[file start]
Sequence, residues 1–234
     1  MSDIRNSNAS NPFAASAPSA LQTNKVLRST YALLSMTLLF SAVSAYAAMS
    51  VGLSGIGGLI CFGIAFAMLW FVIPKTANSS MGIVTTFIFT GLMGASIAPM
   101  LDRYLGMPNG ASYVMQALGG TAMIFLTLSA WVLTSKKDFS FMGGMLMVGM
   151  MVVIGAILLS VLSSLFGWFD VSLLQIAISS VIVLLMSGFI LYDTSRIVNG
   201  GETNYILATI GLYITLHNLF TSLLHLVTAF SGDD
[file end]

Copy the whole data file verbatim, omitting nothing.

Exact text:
Sequence, residues 1–234
     1  MSDIRNSNAS NPFAASAPSA LQTNKVLRST YALLSMTLLF SAVSAYAAMS
    51  VGLSGIGGLI CFGIAFAMLW FVIPKTANSS MGIVTTFIFT GLMGASIAPM
   101  LDRYLGMPNG ASYVMQALGG TAMIFLTLSA WVLTSKKDFS FMGGMLMVGM
   151  MVVIGAILLS VLSSLFGWFD VSLLQIAISS VIVLLMSGFI LYDTSRIVNG
   201  GETNYILATI GLYITLHNLF TSLLHLVTAF SGDD